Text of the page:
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It was one of the stunning revelations made by 25-year-old Ruairi Kern Taylor in an interview with a Corrections officer just weeks after the incident in September 2019.
The details of that discussion can now be revealed after the defendant was jailed for three years, three months before the High Court at Dunedin last month.
Taylor rammed Constable Steven Treloar’s patrol car after he saw it pulled over on State Highway1 near Allanton.
The officer’s head was smashed into his windscreen and the defendant shattered the rest of his windows with a tomahawk before chasing him down the road yelling "Allahu Akbar".
At the sentencing hearing, Const Treloar said he believed Taylor intended to kill him — and Taylor himself had agreed.
On September 26, 2019, after he had pleaded guilty to a range of charges, the defendant had been remanded to the Otago Corrections Facility to await sentencing.
A Corrections case manager was tasked with interviewing him to assess his risk and rehabilitation needs with a view to reintegration on release.
But the chilling disclosures Taylor made resulted in police laying a charge of attempted murder.
He targeted the police officer because he had been "super suicidal and unhappy", he said.
Taylor told the case officer that he did not believe his family would be surprised to learn of what he had done.
"I’ve been planning to kill someone for three to four months before I did it," he said.
"This was the first police officer I came across that was a good target."
The case manager, who gave evidence at a hearing in the High Court at Dunedin in July last year, attempted to have her interviewee rationalise his actions.
Why would he kill someone who had never wronged him?
"Because that’s something I could do that sits right for me ... that just works for me," Taylor said.
The case manager said his manner was unnerving.
"His facial expression would get very animated — smirking and smiling — his eyes were really wide. It was quite clear from that he was getting enjoyment from retelling his offending," she said.
That continued, the Corrections officer told the court, when Taylor was shown an Otago Daily Times story about his offending.
"He was almost smirking when he read the article," she said.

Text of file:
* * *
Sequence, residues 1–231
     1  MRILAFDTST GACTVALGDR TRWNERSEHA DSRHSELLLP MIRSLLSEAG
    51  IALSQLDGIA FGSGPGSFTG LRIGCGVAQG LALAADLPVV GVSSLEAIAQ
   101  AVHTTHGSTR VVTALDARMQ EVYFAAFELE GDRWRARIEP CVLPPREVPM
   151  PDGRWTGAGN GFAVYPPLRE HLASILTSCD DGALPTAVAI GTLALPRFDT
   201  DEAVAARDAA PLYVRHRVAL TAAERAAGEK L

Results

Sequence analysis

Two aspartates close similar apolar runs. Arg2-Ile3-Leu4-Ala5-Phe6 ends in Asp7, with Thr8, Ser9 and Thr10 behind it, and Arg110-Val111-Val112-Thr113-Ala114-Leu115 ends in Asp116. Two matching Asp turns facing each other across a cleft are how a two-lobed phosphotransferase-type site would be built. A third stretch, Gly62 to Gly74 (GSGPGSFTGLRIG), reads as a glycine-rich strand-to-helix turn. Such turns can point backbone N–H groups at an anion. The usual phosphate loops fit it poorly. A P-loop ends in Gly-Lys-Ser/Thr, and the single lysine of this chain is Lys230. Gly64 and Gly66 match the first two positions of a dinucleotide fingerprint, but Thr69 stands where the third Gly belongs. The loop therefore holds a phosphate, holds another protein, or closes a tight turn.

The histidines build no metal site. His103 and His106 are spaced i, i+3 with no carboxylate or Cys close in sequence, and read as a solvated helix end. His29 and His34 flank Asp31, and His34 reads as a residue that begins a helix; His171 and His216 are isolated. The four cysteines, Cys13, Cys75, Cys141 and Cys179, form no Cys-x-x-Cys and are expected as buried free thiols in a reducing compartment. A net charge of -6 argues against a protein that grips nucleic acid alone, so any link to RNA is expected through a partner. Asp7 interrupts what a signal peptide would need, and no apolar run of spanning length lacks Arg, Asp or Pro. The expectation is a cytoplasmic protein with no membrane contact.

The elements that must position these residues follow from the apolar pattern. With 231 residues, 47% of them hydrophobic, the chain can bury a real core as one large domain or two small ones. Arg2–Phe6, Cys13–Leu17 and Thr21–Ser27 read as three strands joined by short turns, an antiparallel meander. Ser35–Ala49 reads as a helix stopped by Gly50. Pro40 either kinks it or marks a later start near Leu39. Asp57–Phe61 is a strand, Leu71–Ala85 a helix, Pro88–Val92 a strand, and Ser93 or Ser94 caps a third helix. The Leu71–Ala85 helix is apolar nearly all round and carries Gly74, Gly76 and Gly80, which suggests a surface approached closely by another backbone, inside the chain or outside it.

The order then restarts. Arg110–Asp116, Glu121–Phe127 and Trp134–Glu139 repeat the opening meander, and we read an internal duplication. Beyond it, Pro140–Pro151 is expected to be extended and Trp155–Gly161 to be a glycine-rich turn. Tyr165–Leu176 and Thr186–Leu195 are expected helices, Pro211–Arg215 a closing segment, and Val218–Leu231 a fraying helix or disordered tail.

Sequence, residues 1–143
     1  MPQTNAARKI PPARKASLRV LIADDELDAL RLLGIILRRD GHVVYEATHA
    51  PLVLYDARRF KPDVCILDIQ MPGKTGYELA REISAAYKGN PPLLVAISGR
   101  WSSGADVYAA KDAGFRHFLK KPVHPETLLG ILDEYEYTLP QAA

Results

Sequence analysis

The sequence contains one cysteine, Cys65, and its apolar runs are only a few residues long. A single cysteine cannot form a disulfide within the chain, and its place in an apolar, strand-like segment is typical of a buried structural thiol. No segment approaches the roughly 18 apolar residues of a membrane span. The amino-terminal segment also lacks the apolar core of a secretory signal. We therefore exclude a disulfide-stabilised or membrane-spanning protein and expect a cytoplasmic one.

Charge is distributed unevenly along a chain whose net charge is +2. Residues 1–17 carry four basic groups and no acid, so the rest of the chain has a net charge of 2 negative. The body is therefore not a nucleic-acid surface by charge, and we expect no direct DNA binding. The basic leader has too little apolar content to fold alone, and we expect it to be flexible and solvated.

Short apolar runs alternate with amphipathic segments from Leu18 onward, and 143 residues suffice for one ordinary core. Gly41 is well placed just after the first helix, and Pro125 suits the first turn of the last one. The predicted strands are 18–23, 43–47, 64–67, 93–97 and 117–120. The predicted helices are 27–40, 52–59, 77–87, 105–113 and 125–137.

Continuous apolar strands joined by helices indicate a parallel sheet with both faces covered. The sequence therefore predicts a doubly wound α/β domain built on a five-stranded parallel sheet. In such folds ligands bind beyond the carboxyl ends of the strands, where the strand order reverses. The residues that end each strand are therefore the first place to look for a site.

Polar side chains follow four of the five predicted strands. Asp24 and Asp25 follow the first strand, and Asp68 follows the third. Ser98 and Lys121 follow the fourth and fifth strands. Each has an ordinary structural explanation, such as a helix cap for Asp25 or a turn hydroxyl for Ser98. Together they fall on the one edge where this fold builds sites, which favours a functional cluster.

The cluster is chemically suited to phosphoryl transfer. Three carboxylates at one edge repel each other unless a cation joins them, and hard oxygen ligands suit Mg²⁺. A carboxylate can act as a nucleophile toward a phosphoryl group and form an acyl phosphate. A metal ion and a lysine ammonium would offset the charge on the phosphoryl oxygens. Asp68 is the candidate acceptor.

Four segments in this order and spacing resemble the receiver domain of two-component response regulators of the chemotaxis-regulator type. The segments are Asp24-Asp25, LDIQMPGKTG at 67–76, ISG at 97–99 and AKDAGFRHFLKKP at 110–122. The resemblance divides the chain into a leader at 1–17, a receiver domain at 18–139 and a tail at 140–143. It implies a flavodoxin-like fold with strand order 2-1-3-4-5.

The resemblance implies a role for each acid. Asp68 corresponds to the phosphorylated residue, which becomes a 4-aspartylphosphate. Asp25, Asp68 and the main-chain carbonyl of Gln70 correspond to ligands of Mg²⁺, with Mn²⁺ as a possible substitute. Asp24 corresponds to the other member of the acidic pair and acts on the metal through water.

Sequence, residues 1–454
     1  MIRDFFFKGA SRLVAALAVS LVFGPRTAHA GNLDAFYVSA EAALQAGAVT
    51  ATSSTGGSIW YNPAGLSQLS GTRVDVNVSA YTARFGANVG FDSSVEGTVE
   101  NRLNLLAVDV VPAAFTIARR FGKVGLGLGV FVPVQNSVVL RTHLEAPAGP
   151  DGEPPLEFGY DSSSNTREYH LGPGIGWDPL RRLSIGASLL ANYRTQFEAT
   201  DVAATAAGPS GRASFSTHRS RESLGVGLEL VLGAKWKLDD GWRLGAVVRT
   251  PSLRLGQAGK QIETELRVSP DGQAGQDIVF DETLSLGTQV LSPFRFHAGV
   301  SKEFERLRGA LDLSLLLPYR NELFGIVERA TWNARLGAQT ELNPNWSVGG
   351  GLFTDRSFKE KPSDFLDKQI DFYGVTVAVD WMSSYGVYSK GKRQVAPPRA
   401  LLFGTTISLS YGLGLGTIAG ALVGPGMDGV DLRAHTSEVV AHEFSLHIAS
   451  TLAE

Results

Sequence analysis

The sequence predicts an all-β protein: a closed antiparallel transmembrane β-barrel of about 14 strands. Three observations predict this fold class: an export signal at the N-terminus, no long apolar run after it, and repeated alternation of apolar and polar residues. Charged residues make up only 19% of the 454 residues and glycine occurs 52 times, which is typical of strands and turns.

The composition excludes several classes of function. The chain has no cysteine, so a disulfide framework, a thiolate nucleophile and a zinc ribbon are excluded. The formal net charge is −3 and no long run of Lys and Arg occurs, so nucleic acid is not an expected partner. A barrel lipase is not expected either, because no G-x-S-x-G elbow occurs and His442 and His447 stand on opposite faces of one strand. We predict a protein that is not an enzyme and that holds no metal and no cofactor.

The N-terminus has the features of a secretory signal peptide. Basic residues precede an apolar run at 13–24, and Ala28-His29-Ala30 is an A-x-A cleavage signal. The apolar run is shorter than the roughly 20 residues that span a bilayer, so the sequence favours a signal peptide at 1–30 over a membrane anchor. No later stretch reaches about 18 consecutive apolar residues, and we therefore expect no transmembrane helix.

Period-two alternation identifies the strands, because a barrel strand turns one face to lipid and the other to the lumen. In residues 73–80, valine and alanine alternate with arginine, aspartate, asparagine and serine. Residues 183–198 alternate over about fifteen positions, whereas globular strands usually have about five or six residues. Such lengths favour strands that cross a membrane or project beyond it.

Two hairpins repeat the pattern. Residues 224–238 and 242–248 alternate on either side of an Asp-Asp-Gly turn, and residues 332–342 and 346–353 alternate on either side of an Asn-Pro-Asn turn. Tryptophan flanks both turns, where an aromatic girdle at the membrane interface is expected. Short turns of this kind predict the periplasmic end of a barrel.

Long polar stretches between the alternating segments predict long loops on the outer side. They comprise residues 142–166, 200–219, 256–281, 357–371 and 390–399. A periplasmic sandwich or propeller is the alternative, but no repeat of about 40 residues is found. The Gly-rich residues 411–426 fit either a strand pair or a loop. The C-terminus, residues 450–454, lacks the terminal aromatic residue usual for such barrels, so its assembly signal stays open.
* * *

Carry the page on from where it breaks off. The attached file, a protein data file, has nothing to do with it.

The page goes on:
When the case manager told Taylor she might have to pass the information on to others, he expressed surprise at the level of charges against him.
‘‘It was definitely attempted murder,’’ he said.
‘‘I absolutely wanted to kill him.’’
At the conclusion of the interview, she filed a report with her manager and emailed others, including police.
The surprise disclosures were enough for Taylor to be charged with attempted murder.
He denied the charge, and at July’s pre-trial hearing, counsel Sarah Saunderson-Warner argued her client’s comments should not be admitted as evidence.
A consent he signed at the interview’s outset did not permit the information to be shared as widely as it was, she said.
Added to that was the likelihood Taylor’s guard would have been lowered since he had already pleaded guilty to charges.
He could not have expected further charges to stem from the discussion, Ms Saunderson-Warner said.
Justice Gerald Nation, however, pointed out the Corrections interview was not set up with a view to obtaining evidence for a criminal prosecution.
The case manager, he said, made it clear Taylor’s comments may be shared with other agencies and he spoke freely regardless of that.
Justice Nation concluded that the supposed confession to attempted murder had not been improperly obtained and even if it had, he would have ruled the evidence admissible at trial.
Despite his ruling, shortly afterwards the Crown dropped the charge of attempted murder.
Taylor pleaded guilty to attempting to cause grievous bodily harm, intentional damage and assault with a weapon.
Because of the time he spent in custody awaiting resolution of the case, he will see the Parole Board this month.